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Rooted in social justice values—like human dignity and freedom, fairness, equality, solidarity, environmental sustainability, and the public good—and a strong belief in the power of participatory democracy, CCPA released its’ 25th edition of the Alternative Federal Budget (AFB) Recovery Plan. 


It is time to put human rights, labour, environmental protection, anti-poverty, arts and culture, social development, child development, international development, women, Indigenous peoples, the faith-based community, students, teachers, education, and health care workers at the forefront of policy planning and decision-making. 


2020 is  a critical turning point, a year in which the systems that sustain our societies failed. Greenhouse gas emissions dropped, highlighting the irrefutable link between how we live and climate change. Globally, billions of lives have been disrupted, more than half a million lives lost.


In Canada, we are guilty of racial, ethnic, and Indigenous injustices. The inequities that were baked into our systems have been exposed and exacerbated by COVID-19.  We need investments in a just, equitable and sustainable recovery and to fix many areas of public policy. 


The AFB Recovery Plan identifies the following immediate action items: implement universal public child care so people can get back to work, reform employment insurance, strengthen safeguards for public health, decarbonize the economy, and tackle the inequalities in gender, race and income. 

The Plan includes an analysis of key areas being impacted by COVID-19 including affordable housing and homelessness.  We know that when eviction bans are lifted, more households will be on the brink of homelessness.  Also, the closure of daytime services and public spaces offering washroom facilities and internet access created challenges for those who depend on these shared services.  

We need to increase our social housing stock and in Barcelona they are doing this by seizing empty apartments.  The city told the property owners to fill the vacant rental units with tenants or they would take over their properties. The landowners have one month to comply. Would or could our city government be willing to take such bold action? 

At CCEC, we work to reduce barriers to open a bank account and to provide equitable and just access to financial services. We know this is our chance to bend the curve of public policy toward justice, well-being, solidarity, equity, resilience, and sustainability.  Learn more and read the CCPA Alternative Federal Budget Report to build healthier communities where no one is left behind.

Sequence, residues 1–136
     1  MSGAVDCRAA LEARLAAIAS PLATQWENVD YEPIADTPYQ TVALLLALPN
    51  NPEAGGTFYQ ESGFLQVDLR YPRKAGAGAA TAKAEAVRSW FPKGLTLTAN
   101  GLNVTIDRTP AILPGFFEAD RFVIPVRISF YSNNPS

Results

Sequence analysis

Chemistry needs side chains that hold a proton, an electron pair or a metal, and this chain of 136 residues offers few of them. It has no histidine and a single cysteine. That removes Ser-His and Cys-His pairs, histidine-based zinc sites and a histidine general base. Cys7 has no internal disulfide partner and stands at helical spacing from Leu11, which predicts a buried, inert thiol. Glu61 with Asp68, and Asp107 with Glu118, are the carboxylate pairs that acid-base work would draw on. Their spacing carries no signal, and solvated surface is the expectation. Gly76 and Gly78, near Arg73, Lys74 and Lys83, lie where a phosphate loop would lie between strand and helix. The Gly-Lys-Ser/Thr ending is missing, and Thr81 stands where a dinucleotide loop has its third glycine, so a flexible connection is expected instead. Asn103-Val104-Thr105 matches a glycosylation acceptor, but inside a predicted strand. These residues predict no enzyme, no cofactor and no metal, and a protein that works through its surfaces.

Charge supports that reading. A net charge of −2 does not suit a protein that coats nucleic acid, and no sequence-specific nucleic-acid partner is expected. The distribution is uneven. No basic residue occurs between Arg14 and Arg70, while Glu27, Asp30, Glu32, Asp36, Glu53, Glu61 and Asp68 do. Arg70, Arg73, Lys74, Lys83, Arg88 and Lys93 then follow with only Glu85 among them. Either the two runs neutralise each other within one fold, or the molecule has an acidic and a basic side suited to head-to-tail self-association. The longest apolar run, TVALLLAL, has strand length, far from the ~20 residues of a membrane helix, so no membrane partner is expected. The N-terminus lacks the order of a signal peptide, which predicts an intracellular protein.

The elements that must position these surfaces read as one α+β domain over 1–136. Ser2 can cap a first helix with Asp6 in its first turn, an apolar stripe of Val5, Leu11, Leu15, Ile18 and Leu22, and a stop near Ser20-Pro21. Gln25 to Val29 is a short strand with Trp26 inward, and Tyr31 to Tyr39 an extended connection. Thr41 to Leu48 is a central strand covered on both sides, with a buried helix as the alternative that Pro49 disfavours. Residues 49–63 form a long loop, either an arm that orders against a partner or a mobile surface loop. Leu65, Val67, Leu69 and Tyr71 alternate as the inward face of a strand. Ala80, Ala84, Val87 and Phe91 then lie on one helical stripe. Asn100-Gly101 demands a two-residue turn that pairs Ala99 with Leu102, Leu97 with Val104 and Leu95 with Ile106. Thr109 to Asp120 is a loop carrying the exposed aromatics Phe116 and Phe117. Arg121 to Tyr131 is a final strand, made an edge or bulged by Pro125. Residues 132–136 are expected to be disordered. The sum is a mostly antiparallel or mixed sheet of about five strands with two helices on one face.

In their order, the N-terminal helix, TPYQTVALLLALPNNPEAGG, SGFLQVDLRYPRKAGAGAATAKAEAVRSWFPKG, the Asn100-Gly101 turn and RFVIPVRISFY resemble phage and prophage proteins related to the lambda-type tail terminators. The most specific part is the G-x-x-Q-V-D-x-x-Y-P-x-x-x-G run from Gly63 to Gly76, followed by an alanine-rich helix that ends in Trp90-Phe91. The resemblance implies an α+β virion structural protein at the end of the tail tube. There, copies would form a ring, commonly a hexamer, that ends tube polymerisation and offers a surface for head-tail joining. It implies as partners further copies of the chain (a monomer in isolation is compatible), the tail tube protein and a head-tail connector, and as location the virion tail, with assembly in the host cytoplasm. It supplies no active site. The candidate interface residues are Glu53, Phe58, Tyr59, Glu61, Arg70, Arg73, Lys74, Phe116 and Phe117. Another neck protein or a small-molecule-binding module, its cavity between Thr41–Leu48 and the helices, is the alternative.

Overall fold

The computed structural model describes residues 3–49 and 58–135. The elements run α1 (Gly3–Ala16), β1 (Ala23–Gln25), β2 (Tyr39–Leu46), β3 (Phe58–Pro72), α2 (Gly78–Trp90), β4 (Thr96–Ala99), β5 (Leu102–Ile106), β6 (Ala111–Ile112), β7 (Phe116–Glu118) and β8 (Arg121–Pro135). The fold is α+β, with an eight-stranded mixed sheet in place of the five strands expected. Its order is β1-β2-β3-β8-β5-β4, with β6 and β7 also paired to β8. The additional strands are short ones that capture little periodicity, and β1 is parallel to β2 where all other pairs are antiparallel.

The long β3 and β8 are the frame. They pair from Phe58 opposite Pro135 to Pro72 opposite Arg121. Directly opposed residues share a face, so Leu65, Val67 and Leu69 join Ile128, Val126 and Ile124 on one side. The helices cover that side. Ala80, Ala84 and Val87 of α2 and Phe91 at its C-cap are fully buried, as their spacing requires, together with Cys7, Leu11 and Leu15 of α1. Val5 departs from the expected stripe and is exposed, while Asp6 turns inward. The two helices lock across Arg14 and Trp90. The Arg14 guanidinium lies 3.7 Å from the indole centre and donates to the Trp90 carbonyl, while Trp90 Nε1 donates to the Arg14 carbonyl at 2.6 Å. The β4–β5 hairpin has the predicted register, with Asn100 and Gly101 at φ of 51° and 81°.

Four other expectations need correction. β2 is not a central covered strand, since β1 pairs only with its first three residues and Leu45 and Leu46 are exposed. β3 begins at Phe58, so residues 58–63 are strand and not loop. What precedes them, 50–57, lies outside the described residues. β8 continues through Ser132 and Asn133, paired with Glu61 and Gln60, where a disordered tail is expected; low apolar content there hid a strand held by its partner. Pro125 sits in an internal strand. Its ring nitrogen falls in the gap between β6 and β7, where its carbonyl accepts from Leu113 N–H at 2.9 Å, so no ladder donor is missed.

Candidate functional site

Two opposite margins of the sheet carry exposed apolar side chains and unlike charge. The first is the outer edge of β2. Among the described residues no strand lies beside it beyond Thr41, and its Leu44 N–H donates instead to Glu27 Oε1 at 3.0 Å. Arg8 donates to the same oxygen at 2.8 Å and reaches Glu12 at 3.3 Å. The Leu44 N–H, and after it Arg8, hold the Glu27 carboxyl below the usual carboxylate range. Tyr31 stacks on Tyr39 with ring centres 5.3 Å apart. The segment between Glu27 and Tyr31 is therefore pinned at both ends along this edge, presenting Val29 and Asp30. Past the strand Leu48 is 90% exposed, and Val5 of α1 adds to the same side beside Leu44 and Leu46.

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There is a stark racial divide in our country. Our current system is tailored towards supporting and protecting white supremacy and catering to white fragility. We need to address how the institutions that govern our lives have internalized and implemented racism. 


“The system perpetuates racism, gender inequities, fragmentation of social and ecological systems, and weakens efforts of the many individuals, organizations and agencies to achieve deep and meaningful truth and reconciliation between IBPOC and settler society.” says  Dawn Morrison, Working Group on Indigenous Food Sovereignty and CCEC Board Member. 


We hear about white privilege, class privilege, and institutional privilege. We need to acknowledge that racism can look like hate, and show up as apathy, silence, ignorance and in the refusal to learn. Most recently, we’ve seen an increase in the number of anti-Asian acts of hate and violence. Systemic racism is complex. It has evolved out of a set of deeply rooted systems in our country. 


One thing we can do is to learn more about systemic racism and how to confront it  when we see it. Being silent is not an option.  In the last three months, there has been an eight-fold increase in anti-Asian hate crimes that included punching, subtle words and dirty looks; and we’ve opened a conversation about systemic racism in policing systems. For example,  Anti-Racism training (A.R.T) is available that helps participants shift from being  frozen/silent bystanders to becoming active witnesses during racist encounters. 


In Canada, we have an  Anti-Racism Strategy 2019-2022 called, Building a Foundation for Change.  The strategies outlined intend to help address barriers to employment, justice and social participation among Indigenous Peoples, racialized communities and religious minorities. In BC, the Organizing Against Race and Hate program was recently replaced with ResilienceBC Anti-Racism Network 


We can all do our part. Learn more and get involved. 


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